The surrounding area has a fire station, municipal court building, library and city administrative offices to the north; a park, churches, county government building plus office and retail stores to the south; retail, office and parking to the east; and a public recreation center, senior center and civic auditorium to the west. The fire department likely is being moved to a property the city recently acquired from Safeway at 1122 11th Ave.

A new city hall complex

The city intends to move City Hall from its iconic Round Building at 1000 10th St. to a new location within the next two to three years.

The city has been acquiring land within the block west of City Hall, where it wants to build a complex to consolidate the city’s 800 employees that now are housed in five separate buildings scattered throughout downtown.

That block consists of the City Hall Annex building at 1100 10th St. and several other properties. The city, through its Greeley Urban Renewal Authority, recently acquired five properties in that block.

Recent land purchases were for 1111 11th St., 1115 11th St. and 1015 11th Ave., along with purchases of Weld County School District 6’s property at 1121 11th St., and Ten Sleep Investment Group LLC for 1011 11th Ave.

Safarik said having employees spread out has “compromised customer service. … Together, we can be much more efficient.” She said the city has hired an architect and will be conducting planning sessions with citizens, the designers and city staff to determine what the city complex will look like.

The county and Chase Plaza

A year after Weld County’s purchase of the Chase Plaza building at 804-822 Seventh St., some county employees will move in early next year to be closer to the county courthouse at 915 10th St.

Existing tenants of the building are not being forced out, but the plan has started businesses leasing space to look for new quarters elsewhere.

The county paid $5.5 million for the property as part of a long-term plan to form a judicial complex in the downtown area, and it has been remodeling the interior to accommodate its employees. The county has been holding funds in capital reserve to acquire tracts around the historic Weld County Courthouse as part of a strategy dating to the mid-1980s.

The Chase Plaza, which had sold in 2008 for $9.95 million, will provide the county with 119,875 square feet of office space, plus parking for future county use.

Library on the move?

The first steps are being taken to secure a tenant for the city’s Round Building. The nonprofit High Plains Library District is studying the feasibility of converting the Round Building into to a library, where it would move its Lincoln Park Library currently located on city-owned property where the hotel and conference center would be built, which also houses Greeley Municipal Court and headquarters for the Greeley Fire Department.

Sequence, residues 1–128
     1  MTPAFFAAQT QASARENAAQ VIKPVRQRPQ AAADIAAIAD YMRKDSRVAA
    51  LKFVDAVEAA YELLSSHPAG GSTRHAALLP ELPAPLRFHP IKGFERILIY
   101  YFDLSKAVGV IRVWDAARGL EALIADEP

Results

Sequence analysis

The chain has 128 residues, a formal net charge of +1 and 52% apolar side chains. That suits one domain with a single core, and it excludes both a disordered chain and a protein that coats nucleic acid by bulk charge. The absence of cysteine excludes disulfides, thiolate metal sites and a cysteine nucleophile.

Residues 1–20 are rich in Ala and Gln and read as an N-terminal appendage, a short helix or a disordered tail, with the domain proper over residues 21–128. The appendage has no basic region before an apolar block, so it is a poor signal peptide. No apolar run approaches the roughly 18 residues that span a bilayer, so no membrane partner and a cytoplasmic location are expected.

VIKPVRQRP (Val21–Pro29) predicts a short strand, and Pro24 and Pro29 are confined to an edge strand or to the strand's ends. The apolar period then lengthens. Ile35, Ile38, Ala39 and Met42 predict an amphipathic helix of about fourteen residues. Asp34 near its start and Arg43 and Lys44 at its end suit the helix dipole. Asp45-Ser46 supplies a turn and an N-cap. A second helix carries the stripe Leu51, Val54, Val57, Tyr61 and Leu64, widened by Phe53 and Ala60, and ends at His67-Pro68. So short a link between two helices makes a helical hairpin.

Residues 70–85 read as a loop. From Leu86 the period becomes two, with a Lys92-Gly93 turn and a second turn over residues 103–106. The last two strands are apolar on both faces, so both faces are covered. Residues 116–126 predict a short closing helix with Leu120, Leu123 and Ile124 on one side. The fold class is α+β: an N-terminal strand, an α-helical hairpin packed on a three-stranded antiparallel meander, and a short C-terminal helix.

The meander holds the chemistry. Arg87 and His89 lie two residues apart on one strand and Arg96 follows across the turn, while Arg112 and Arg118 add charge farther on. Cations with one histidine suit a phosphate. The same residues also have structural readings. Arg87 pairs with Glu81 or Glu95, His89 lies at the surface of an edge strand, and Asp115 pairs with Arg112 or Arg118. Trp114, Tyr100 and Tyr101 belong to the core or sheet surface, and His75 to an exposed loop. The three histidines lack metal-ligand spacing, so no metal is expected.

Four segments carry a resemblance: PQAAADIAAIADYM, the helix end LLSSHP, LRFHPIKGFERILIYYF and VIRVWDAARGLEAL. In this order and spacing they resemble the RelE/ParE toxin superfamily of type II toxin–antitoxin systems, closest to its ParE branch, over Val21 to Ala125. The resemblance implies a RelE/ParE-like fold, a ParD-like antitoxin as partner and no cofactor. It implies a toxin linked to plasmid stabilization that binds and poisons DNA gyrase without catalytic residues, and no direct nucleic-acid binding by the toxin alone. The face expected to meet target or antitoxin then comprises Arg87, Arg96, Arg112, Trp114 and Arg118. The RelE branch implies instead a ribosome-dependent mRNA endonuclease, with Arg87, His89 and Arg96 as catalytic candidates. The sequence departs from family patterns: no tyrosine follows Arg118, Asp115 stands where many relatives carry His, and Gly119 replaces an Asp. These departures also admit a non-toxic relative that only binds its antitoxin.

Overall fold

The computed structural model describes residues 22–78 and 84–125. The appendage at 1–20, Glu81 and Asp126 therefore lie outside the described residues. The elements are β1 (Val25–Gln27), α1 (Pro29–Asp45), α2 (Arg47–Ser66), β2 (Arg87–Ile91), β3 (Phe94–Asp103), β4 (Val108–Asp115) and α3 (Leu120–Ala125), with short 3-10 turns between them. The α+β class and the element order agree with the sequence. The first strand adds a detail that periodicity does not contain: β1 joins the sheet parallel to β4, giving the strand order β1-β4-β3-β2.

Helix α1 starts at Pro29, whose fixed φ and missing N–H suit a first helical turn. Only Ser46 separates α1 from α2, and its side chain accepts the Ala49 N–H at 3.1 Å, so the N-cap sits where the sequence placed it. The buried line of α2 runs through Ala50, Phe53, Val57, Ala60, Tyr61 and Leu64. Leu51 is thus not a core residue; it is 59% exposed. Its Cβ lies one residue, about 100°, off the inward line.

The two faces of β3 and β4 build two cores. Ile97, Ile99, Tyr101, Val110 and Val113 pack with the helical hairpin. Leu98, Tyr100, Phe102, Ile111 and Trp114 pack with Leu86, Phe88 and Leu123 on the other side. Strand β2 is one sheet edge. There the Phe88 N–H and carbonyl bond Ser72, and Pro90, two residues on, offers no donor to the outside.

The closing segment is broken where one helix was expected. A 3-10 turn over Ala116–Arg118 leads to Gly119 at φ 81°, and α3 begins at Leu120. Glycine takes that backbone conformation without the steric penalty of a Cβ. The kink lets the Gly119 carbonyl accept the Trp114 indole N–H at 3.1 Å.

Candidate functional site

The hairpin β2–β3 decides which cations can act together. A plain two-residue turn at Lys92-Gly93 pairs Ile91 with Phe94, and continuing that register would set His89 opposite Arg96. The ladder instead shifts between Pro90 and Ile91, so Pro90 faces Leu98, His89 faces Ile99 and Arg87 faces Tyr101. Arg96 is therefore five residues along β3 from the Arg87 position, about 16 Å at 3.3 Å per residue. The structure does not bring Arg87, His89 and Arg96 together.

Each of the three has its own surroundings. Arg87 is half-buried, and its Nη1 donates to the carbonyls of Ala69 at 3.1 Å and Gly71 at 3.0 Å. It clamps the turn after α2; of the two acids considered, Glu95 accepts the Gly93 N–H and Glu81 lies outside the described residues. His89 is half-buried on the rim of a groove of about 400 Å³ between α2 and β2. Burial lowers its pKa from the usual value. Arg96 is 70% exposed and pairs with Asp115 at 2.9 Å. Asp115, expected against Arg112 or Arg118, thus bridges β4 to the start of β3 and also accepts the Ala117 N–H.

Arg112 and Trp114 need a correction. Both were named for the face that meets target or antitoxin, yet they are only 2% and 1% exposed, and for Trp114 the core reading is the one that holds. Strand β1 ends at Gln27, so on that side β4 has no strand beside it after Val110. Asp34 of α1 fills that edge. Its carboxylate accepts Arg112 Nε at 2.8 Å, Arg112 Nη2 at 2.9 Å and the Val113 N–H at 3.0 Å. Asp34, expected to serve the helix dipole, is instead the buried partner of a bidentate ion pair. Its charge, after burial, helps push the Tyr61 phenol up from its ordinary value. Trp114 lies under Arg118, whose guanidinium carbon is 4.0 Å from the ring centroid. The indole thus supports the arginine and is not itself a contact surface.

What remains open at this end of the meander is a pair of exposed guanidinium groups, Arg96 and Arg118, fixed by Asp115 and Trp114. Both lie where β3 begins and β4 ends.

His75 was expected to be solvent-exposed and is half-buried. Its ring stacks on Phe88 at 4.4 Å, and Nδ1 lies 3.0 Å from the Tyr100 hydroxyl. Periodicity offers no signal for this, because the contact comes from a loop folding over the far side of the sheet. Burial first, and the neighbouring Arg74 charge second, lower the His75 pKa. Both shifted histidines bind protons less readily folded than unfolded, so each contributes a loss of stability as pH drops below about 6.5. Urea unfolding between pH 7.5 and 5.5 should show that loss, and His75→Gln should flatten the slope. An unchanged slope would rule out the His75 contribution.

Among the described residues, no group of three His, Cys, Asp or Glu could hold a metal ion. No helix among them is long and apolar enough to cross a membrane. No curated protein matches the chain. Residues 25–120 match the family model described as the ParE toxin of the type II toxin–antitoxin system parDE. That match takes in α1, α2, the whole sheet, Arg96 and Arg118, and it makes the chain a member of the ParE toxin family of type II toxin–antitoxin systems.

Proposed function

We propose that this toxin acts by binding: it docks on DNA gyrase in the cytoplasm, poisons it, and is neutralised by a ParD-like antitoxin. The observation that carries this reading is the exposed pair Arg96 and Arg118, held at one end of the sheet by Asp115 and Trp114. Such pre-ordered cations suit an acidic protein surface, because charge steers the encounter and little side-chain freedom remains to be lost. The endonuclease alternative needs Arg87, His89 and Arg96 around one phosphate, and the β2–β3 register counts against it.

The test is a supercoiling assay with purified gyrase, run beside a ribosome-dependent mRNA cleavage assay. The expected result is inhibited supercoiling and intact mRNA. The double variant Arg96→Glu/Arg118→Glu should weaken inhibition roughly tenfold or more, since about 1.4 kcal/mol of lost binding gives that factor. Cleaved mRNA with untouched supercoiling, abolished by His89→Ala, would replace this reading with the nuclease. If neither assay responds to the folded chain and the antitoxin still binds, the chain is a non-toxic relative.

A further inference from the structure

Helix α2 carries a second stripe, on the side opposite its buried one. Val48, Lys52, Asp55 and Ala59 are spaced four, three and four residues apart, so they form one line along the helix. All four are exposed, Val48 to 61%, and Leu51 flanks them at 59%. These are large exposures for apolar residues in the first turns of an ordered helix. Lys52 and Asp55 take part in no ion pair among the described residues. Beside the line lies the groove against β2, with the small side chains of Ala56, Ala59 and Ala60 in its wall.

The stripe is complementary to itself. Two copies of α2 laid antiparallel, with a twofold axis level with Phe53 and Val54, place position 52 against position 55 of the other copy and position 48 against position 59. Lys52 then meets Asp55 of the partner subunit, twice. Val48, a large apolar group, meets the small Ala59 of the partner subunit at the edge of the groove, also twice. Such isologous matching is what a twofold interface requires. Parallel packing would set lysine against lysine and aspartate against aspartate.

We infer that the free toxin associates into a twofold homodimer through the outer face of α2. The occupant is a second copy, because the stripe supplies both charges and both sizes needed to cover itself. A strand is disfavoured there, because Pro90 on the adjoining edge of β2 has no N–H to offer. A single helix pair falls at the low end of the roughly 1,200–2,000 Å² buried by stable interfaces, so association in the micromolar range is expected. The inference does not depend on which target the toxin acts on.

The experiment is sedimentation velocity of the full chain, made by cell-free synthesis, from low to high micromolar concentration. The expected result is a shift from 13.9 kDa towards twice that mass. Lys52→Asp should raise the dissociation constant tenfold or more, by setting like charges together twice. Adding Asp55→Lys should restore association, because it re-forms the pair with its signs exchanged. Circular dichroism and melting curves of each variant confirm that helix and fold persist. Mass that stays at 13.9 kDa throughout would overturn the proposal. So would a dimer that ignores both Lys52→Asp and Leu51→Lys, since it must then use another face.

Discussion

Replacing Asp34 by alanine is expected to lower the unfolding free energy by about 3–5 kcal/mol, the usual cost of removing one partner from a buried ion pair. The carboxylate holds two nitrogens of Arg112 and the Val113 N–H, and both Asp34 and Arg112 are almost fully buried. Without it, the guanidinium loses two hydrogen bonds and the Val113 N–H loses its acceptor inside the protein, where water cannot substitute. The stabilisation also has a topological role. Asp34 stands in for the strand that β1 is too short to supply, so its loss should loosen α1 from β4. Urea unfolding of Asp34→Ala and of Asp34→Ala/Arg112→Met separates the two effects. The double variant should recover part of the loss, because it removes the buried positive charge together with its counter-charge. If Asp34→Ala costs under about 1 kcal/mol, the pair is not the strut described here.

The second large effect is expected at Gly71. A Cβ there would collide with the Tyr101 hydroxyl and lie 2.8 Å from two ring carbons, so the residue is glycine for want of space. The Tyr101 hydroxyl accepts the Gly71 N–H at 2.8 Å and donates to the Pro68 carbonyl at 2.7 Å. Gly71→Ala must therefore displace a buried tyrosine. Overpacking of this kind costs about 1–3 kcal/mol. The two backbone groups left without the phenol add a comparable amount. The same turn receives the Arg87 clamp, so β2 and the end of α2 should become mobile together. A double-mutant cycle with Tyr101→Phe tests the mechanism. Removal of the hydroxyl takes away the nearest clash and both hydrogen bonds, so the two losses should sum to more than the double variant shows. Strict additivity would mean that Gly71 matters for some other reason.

Safarik said it would make sense to move the court to the new complex and put that property and the library building site on the open market for private redevelopment.

The library district currently leases space for the Lincoln Park Library from the city for $10 per month, said Janine Reid, director of the High Plains Library District, which oversees seven libraries in Northern Colorado, including Lincoln Park.

The library district received a $15,000 grant in August from the State Historical Fund for a historic-structure assessment. The district has hired Denver-based architecture firm Slaterpaull/Hord Coplan Macht to conduct the study that is expected to be completed by the end of this year.

Robert Tointon, chairman of the Greeley Downtown Development Authority, stands in front of three of the eight buildings that he owns or co-owns in historic downtown Greeley. Tointon bought his first property in downtown 30 years ago and has been at the forefront of efforts to revitalize the area ever since. Joel Blocker/For BizWest

Safarik said the city would like to see the library in the Round Building, but if a deal falls through, the city likely would put the building on the market. “We’ve received inquiries about the building from private parties,” she said.

The two-story, 28,228-square-foot Round Building was constructed in 1967 by Hensel Phelps and opened in 1968 as the Weld County Bank, with additional occupants including the National Sugar Beet Growers Federation, the Mountain States Beet Growers and several small businesses. It later became home to United Bank of Greeley that in 1987 merged with Norwest Bank.

The city of Greeley acquired the building for $1.6 million in 1987, and interior offices were renovated to accommodate city employees.

Other projects in the DDA district are in the works.

Mokler revitalizing Jerome Building

Jim Mokler, 63, an investor based in Fort Collins and retired real-estate agent, recently purchased the Jerome Building at 800 Eighth Ave. Calling it a “tired” 51-year-old building, Mokler plans to redevelop it for office and retail tenants.

The three-story Jerome Building, built in 1964, originally housed a Hested’s Department Store, which included a cafeteria. Hested’s closed its Colorado stores in 1976, and the building was renovated in the early 1980s to become 100 percent office space — but has had few updates since then, Mokler said.